The bride had asthma. The scenic Seattle skyline — the ideal backdrop for photographs — was shrouded in smoke from wildfires. And Perfectly Posh Events, the wedding planner, had to scramble for an indoor venue in the middle of summer, usually the best time of the year for an outdoor exchanging of vows.
“I’ve lived in Seattle my whole life. This is not something I remember growing up with,” said Holly Olsen, owner of the business. “Clearly there has been some kind of change that happened.”
What’s happened is climate change. It has contributed to the dry conditions that fueled forest fires, blanketing Seattle with smoke this year. It has altered the acidity of the oceans, damaging oyster farms in nearby Puget Sound. And now, climate change has made its way onto the Nov. 6 ballot, in the form of a statewide initiative that would impose a $15-a-ton fee on carbon emissions that cause global warming.
If the measure is adopted, Washington would become the first state in the nation to tax carbon dioxide, the most prevalent greenhouse gas.
The drive has sparked a fight for votes that pits big oil refiners against a coalition of environmental groups, unions, Native American groups, communities of color, liberal business leaders like Bill Gates, and Gov. Jay Inslee (D).
The battle has set a new Washington state record for spending on a ballot issue. The Clean Air Clean Energy coalition to say “yes” on the ballot has raised more than $15 million, including $1 million each from Gates and former New York mayor Michael R. Bloomberg. Big oil companies belonging to the Western States Petroleum Association — including Koch Industries — have given more than $31 million, according to the state’s Public Disclosure Commission.
“I have three grandkids, and I’d like them to have a shot at a healthy Washington,” Inslee said. But two consecutive years of smoky wildfires have shown that “unfortunately it is not just for our children but also for our lives.”
Win or lose, Washington’s Initiative 1631 is a case study in how thorny the politics of carbon pricing can be — starting with the name. Calling it a tax might please economists but could be fatal politically. The measure’s supporters call it a fee.
“If something is a fee, it makes it much more difficult for the legislature to use the money raised for things not directly related to what it’s supposed to do,” said Gregg Small, executive director of Climate Solutions. Seventy percent of the revenue is earmarked for renewable energy investment, and 25 percent for water and forests.
“People want a fee on pollution, not a tax,” pollster Frank Greer said. “People want to do something about carbon pollution and see those funds invested in a clean energy economy.”
Support is heavy in the bigger cities of Seattle and Spokane, and among young voters and suburban women — a lot like the voters Democrats hope to win over. And the bout of bad summer air quality, which rivaled Beijing’s, still looms in people’s minds.
“It is definitely a thing that has become a concern for couples,” Olsen said. She said those making plans for 2019 ask: “Should this be a regular thing to expect in summer?”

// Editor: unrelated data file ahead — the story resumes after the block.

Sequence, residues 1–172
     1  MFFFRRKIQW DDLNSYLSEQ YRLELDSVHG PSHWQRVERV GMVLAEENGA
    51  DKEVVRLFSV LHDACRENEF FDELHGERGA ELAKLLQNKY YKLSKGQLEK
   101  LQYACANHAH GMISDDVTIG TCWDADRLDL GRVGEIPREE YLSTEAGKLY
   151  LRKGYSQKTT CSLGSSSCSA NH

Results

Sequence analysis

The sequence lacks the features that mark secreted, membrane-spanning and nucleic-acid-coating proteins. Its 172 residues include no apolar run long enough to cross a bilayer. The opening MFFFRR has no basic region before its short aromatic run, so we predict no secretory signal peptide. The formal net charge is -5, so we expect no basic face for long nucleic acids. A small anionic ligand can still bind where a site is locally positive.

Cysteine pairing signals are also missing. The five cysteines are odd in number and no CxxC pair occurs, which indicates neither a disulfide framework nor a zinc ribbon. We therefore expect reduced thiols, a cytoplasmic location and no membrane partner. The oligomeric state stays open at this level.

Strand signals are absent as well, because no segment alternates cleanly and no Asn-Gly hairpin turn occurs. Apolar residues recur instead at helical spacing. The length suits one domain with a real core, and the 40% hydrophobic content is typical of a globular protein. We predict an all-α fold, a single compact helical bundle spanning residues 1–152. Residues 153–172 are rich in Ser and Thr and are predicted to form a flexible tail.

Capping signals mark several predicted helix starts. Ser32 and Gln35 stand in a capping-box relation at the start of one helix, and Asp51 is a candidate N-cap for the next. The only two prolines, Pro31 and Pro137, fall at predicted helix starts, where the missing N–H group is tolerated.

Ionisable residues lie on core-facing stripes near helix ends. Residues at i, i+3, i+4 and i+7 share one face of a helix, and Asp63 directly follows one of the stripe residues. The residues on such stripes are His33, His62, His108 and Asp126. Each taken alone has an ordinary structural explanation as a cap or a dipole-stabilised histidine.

In a Crosscut/Elway poll, Initiative 1631 drew 50 percent approval among the approximately 400 registered voters polled. Thirty-six percent said they opposed the initiative, while 14 percent were undecided. The poll has a margin of error of 5 points.
Stuart Elway has polled on 90 initiatives and only 16 have passed when drawing less than 50 percent support in October. “It’s right on the cusp,” Elway said. “There’s no cushion.”
One reason the initiative has a chance is the difference between it and other carbon tax proposals, including one currently being promoted in the nation’s capital by a group of leading economists and former Cabinet members and lawmakers. The group, led by former treasury secretary James A. Baker and former secretary of state George Shultz, supports a revenue-neutral plan that would tax carbon emissions and send identical refunds, or dividends, to households.
Washington state tried a similar idea two years ago, combining a carbon tax with other tax cuts.It failed to win the support of unions or even some environmental groups.
This time, the initiative reflects a variety of stakeholders. Jeff Johnson, president of the Washington State Labor Council, is on board. The measure would exempt eight energy-intensive manufacturing plants, pour fee revenue into clean energy projects, fund training and early retirement plans for affected workers, and create an appointed board that would allocate revenue in the future.
One of the exempted facilities is the biggest emitter of all, a coal-fired power plant owned by TransAlta, which had already agreed to close its plant by 2025. Exemptions would also go to paper companies, aircraft manufacturers and an aluminum smelter — all highly sensitive to international competition. Native American tribes that do not pay sales taxes would also be exempt.
But oil refiners would have to pay.
Some climate experts criticize the fee for being too small. After kicking in at $15 a ton, the fee would increase $2 a ton a year until 2035. It would raise more than $1 billion annually by 2025.
Riding in his car earlier this month on his way to meet with Gates, the governor conceded the criticism.